MotherTongues: Wear Words, Celebrate Cultures

about words, languages, cultures, travel

Ouma Ruby’s Secret: book review of a South African children’s book August 5, 2014

Filed under: Uncategorized — Michelle @ 7:28 am

I’m writing this review as part of the Read Around the World Summer Reading Series from Multicultural Kid Blogs.  Bloggers from around the world are sharing their book reviews of multicultural (and sometimes multilingual too) books for kids of all ages: Mondays are for ages 5 and under, Wednesdays for children 6-10, and Fridays for tweens and older. You can also see all of the recommendations on our Summer Reading Pinterest Board.

I’m recommending Ouma Ruby’s Secret, also available in Afrikaans as Ouma Ruby se geheim. We read the Afrikaans version at home. It is perfect for the 6-10 year old child. It will show a different world to them: where not everyone can read. About 16% of the world’s people are illiterate, and this book deals with the subject with compassion. It is the true story of a well-known South African author, Chris van Wyk, who describes how he found out as a young child that his grandmother can’t read. He was a book loving child who read anything that came across his way. When it was his grandmother’s birthday, he didn’t have a gift to give to her. So he wrote her a letter about how much he appreciates and loves her. When he asked her to read it aloud, he made the discovery that she can’t read. He ends up reading the letter to her.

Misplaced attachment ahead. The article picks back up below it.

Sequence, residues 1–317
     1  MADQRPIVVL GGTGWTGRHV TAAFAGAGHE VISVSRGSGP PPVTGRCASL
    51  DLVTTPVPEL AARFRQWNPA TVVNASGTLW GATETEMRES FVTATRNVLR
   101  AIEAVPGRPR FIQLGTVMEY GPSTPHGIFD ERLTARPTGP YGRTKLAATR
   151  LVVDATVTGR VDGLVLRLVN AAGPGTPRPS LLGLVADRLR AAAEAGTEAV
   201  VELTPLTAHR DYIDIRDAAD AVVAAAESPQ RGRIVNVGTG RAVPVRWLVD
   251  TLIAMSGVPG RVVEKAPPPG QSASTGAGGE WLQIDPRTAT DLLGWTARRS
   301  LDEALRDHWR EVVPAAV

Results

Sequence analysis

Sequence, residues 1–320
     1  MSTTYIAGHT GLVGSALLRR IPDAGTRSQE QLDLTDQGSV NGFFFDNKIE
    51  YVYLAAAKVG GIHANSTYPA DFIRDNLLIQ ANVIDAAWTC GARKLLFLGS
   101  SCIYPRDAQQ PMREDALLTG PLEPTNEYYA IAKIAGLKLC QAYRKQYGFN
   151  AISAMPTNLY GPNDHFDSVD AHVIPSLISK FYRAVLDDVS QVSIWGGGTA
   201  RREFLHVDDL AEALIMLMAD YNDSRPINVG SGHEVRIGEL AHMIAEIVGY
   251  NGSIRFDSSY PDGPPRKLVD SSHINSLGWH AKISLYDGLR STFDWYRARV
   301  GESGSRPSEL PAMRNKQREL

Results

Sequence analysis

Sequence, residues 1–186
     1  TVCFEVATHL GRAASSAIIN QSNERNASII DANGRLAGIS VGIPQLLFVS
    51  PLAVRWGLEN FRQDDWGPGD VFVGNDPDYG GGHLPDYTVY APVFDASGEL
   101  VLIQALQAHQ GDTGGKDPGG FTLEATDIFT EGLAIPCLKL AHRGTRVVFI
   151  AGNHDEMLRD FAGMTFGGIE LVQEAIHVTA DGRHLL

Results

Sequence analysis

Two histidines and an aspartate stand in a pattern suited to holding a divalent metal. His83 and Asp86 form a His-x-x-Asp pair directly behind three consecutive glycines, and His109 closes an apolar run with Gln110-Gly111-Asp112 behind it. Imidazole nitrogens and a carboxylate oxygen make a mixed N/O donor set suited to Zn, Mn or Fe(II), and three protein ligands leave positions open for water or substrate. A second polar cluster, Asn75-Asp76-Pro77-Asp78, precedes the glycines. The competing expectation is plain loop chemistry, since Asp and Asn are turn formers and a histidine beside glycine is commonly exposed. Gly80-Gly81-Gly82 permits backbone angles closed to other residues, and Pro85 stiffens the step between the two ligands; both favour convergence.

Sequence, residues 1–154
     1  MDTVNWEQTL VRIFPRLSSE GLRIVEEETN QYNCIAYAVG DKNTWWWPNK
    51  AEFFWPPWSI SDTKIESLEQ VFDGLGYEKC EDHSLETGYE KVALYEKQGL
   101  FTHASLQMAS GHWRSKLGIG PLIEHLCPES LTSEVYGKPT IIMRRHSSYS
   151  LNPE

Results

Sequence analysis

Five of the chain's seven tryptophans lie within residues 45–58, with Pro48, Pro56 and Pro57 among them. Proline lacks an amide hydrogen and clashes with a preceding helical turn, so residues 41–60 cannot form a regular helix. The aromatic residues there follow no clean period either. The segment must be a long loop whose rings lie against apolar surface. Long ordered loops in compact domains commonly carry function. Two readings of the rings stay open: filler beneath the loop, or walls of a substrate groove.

If you want to talk to your child about Apartheid South Africa, or illiteracy, or how poverty or political circumstances make it impossible for some kids to go to school, I can highly recommend this beautifully illustrated book.

OumaRubybook

 
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One Response to “Ouma Ruby’s Secret: book review of a South African children’s book”

  1. marieclx Says:

    This sounds like a fantastic book! Thanks for including it in the Read the World Project!


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